Welcome to Smugglivus 2010: Day 22
Throughout this month, we will have daily guests – authors, bloggers and publishers alike – looking back at their favorite reads of 2010, and looking forward to events and upcoming books in 2011.
Who: Lenore of the blog, Presenting Lenore, one of our dear blogging buddies and a fellow Dystopian and YA enthusiast.
Ladies and gents, please give a warm welcome to Lenore!
I’ve always been a big fan of dystopian lit, but this year I upped the ante by featuring not one, but two theme months (February and August) dedicated to the genre on Presenting Lenore. I read over 40 dystopian novels this year (1/4 of my overall reading) so I thought I’d use this opportunity to talk about my favorite 5 dystopian reads released in 2010. In no particular order…
MONSTERS OF MEN by Patrick Ness (Chaos Walking Trilogy)
This was the end of an amazing trilogy that explored some of the same themes as MOCKINGJAY (war effects everyone) but did it way better. Major Prentiss is probably the most layered villain I’ve ever encountered (far more so than President Snow). He’s EVIL but somehow, Ness still made me root for his redemption. Also Boy Colt! I daresay by the end, Chaos Walking involved me emotionally more than the Hunger Games Trilogy (although out of the individual books, HUNGER GAMES is still my #1, followed by THE ASK AND THE ANSWER, MONSTERS OF MEN, CATCHING FIRE, THE KNIFE OF NEVER LETTING GO and finally MOCKINGJAY).
SHADES OF GREY by Jasper Fforde
Fforde is such an inventive writer (I love his Thursday Next series) that I couldn’t wait to find out how he’d write a dystopia. I was not disappointed in the world he created – a world where the colors you can see determine your status – what job you’ll have, where you can live, and who you will marry. He takes his trademark satirical wit to lighten the darker aspects of the Chromatacia society, introduces us to quirky characters and gives us a rich beginning to a trilogy that I can’t wait to keep reading. It’s just too bad that with Fforde’s writing commitments, I could be waiting a long time for book 2.
INSIDE OUT by Maria V. Snyder
This may well be the most controversial of my picks, because I know that many dystopia fans were not so enamored with this one. I however experienced a huge reader high after finishing this story of a “scrub” named Trella who accidently starts a revolution against the rulers of her very large, self-sustaining cube home who live on the upper levels in relative luxury while she and the other scrubs toil below. There were fun twists and a sweet romance between Trella and one of my favorite YA boys of the year, Riley. (The others, if you want to know, are Peeta (even though he was hijacked in MOCKINGJAY) and Joe from THE SKY IS EVERYWHERE by Jandy Nelson (not a dystopia)). Can’t wait for OUTSIDE IN, the next book in the series, due early in 2011.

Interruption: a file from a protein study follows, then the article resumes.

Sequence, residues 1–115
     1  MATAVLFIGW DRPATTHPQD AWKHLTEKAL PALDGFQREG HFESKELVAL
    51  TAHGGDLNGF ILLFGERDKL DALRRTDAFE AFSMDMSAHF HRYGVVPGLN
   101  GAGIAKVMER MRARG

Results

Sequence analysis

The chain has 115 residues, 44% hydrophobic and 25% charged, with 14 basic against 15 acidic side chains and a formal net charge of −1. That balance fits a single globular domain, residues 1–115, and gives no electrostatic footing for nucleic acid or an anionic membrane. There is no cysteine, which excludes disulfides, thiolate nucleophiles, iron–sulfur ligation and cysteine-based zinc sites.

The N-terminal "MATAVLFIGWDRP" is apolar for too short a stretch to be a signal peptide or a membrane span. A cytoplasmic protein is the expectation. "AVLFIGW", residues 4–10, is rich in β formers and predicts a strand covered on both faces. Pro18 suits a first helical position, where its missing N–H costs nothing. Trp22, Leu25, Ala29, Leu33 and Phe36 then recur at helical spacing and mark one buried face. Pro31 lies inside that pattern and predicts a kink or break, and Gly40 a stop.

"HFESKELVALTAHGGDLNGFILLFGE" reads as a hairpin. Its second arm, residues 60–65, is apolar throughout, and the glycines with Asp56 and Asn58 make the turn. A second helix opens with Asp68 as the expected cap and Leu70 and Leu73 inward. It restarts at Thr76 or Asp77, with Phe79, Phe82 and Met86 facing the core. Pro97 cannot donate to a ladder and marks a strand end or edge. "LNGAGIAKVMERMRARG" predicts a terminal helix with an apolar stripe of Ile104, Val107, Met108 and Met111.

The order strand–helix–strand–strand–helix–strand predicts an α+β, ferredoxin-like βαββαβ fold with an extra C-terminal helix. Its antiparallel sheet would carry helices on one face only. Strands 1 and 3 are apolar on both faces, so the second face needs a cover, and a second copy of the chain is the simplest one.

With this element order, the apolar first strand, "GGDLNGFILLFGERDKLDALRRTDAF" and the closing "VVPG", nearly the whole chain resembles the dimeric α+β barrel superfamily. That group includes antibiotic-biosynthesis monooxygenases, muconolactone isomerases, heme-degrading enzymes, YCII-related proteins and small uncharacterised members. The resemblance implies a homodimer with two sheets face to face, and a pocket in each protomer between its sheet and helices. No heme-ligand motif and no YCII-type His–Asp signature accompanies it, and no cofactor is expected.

THE UNIDENTIFIED by Rae Mariz
The only debut novel on my list, THE UNIDENTIFIED was a breath of fresh air among a slate of dystopian offerings which wore out the usual genre tropes. In it, 15 year old Kid must play by the rules set by the corporations who run her school or it’s GAME OVER for her and her future. The world building shines with perceptive insights into the effects of social media and branding, and Kid’s journey from introverted wallflower with low scores to empowered, conscientious consumer feels authentic and hopeful.
SHIPBREAKER by Paolo Bacigalupi
When you hear that there are really people in today’s real world that do ship breaking for a living, this novel takes on a whole new level of scariness. The main character, Nailer, is small enough to work on a light crew, stripping old ships of their electrical wire, but he won’t be forever, and like everyone else on his beach in the Gulf of Mexico, he’s looking for the “lucky strike” that could set him up for life. It’s a thrilling post-apocalyptic adventure novel with well-rounded characters and originality in spades. Looking forward to the planned sequel.
Emmy Looking NOT Impressed with Lenore’s Picks
Of course I cannot fail to mention those dystopians you should be looking forward to in 2011.
DELIRIUM by Lauren Oliver
Ok, so yes, I already read this hopelessly tragic first novel in a series about a society where love is considered a disease. Lena is set to get the procedure which will cure her at 18, but before her birthday rolls around, she does the unthinkable and falls in love. I am in so much love with this book, it is ridiculous. February 2011.
WITHER by Lauren DeStefano
I was so desperate to read this, I downloaded an eGalley and read it on my laptop – that’s sacrifice people! Rhine lives in a world where girls die at 18 and boys at 25. She’s kidnapped to be a wife/breeder for a rich young man along with 2 “sister wives”. This novel is so atmospheric, it’s difficult to look away from. March 2011.
BUMPED by Megan McCafferty
When a virus makes everyone over the age of eighteen infertile, would-be parents are forced to pay teen girls to conceive and give birth to their children, making teens the most prized members of society. Described as a cross between HEATHERS and THE HANDMAID’S TALE, this is one I’ll be reading asap. April 2011.
ALL THESE THINGS I’VE DONE by Gabrielle Zevin
From publisher’s weekly: Set in a dystopian future where chocolate and caffeine are contraband, teenage cellphone use is illegal, and water and paper are carefully rationed, the series relates the ascension and ultimate downfall of 16-year old Anya Balanchine, the heir apparent to an important and dangerous New York City crime family. Sept 2011. Sounds irresistible!
There are TONS of books I could put in the 5th spot – check out this post for some of them.
Thanks Ana and Thea for having me as a guest again this year!
Thank YOU, Lenore, and happy Smugglivus!